On Barrio Lindo’s New Album, South American Folklore Meets Ambient Electronics

Lead Photo: Artwork by Volcán
Artwork by Volcán
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At the end of 2015, Argentina’s Barrio Lindo and England’s El Búho co-founded Shika Shika, a border-defying label and collective that highlights organic-electronic artists from around the world. Of course, this concept isn’t new, and it can be explored in a million different ways. But using the structures of Western dance music, these producers process international folklore into a cohesive sound – one where borders blur into wet grass, tropical breezes, and bird calls.

Barrio Lindo expresses the naturalistic heart of his electronic productions in the most basic form possible: he actually makes the instruments he uses, which gives him not only access, but a personal connection to the organic textures that layer his work. That includes his latest album, titled Albura, a reference to the raw material he uses in his craft as a luthier, or maker of stringed instruments. It makes perfect sense that this, his second full-length, marks the first physical edition for Shika Shika; the record is dropping in a beautifully-packaged 12”.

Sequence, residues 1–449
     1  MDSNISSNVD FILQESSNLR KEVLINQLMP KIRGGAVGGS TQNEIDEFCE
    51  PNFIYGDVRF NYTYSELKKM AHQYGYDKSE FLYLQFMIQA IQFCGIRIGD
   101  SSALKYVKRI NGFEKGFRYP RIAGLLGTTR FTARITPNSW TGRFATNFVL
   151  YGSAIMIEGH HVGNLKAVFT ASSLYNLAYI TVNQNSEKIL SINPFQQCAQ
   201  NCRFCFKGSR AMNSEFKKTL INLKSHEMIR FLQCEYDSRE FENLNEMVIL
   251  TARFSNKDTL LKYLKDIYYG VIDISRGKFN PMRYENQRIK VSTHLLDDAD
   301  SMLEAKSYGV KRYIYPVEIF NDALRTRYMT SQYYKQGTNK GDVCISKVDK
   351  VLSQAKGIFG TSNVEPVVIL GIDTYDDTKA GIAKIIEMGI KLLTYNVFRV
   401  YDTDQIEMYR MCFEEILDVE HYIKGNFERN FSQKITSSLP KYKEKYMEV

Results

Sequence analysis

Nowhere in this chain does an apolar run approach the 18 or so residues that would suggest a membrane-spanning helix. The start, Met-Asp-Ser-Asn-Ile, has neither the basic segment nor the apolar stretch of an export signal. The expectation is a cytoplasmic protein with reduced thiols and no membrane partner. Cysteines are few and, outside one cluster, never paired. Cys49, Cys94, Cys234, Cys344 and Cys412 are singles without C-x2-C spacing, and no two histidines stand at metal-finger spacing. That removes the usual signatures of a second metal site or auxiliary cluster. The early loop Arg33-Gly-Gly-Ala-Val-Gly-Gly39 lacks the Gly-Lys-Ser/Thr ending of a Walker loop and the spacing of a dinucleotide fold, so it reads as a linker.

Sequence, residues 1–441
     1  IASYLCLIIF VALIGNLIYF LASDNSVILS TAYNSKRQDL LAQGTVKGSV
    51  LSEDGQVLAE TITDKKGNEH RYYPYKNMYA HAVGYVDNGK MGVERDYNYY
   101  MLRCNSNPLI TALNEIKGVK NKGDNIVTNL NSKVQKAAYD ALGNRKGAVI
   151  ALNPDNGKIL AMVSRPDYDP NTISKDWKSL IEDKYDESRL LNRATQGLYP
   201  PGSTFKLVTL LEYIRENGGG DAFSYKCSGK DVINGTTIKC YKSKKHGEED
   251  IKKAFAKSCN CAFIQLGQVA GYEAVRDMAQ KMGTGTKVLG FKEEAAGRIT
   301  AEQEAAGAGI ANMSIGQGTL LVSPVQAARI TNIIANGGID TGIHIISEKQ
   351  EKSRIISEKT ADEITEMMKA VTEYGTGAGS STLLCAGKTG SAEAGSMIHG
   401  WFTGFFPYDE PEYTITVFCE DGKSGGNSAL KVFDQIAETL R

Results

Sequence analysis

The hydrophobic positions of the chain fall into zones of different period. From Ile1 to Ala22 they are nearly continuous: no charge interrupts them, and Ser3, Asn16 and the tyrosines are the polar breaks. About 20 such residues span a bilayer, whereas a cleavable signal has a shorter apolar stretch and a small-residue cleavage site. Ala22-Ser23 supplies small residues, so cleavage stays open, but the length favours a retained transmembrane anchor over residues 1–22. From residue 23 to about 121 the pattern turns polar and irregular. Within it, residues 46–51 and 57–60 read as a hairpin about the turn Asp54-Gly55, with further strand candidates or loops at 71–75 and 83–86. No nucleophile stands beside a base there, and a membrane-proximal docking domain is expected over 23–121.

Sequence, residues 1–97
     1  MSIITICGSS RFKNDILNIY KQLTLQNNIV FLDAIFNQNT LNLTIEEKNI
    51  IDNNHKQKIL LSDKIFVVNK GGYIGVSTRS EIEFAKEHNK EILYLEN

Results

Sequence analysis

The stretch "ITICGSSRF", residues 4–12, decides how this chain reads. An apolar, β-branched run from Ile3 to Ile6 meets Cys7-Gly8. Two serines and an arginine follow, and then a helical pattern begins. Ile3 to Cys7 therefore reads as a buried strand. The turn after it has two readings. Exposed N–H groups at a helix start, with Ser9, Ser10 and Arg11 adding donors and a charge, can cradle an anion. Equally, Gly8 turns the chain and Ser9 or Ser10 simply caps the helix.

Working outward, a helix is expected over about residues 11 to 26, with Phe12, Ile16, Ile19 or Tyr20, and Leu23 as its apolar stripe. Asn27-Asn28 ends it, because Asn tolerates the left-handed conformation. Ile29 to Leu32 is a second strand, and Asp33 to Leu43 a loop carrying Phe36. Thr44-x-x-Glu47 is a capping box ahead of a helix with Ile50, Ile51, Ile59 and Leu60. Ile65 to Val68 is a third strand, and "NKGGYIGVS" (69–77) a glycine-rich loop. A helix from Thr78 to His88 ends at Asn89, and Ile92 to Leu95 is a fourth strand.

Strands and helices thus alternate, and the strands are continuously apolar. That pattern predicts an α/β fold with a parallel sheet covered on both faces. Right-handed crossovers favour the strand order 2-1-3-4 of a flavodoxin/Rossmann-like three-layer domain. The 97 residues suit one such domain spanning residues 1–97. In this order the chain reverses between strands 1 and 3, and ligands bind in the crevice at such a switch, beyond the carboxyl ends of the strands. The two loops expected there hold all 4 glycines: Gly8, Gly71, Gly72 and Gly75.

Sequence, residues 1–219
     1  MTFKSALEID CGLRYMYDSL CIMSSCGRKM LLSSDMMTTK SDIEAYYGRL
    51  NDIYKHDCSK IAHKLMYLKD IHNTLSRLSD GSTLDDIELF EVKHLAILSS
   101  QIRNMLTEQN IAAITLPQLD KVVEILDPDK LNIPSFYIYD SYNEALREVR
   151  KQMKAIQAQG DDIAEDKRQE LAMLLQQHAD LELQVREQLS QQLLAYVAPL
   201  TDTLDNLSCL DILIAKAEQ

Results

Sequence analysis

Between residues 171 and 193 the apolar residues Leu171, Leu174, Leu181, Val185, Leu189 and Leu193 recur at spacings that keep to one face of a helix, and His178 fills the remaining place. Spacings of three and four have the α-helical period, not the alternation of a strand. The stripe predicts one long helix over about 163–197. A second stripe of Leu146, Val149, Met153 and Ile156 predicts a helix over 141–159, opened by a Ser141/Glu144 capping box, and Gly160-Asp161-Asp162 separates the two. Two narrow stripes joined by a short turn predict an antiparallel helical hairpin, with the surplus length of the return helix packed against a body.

Albura is Barrio Lindo’s ode to South America. He pays homage to the continent’s diverse cultures by reinterpreting regional genres and incorporating traditional instruments like charangos, marimbas, and quenas. Take opener “Facón;” on it, collaborator Jhon Montoya and Barrio Lindo reference an Argentine chacarera, creating an irresistible polyrhythm after superposing it with a 4/4 dance pattern. “Circunvalar,” on the other hand, isn’t a repurposing of cumbia – it’s just a straight-up cumbia track, from the rhythm down to the melody.

On “Otoño Primavera” and “Carnaval de las flores,” Barrio Lindo heads to the Andean carnival. Then on “Saudade,” he hops over to Brazil, where he honors the Portuguese title with a bossa nova chord progression on acoustic guitar and hollow vocalizations that make for a blast of nostalgia.

“Pura danza” features Barrio Lindo’s own voice in an even more prominent way; it lets his warm baritone shine up front over austere instrumentation. Other guest vocalists include Ela Minus and Wende Wen, who infuse each collaboration with their own distinct personalities.

Albura is a reaffirmation of Barrio Lindo’s dexterity, not in balancing the organic and the synthetic, nor in fusing folklore or electronic music, but in creating a place where there’s no distinction between these concepts at all. If you ever wanted to take a trip across South America, this is a great place to start.

Barrio Lindo’s Albura is out now on Shika Shika.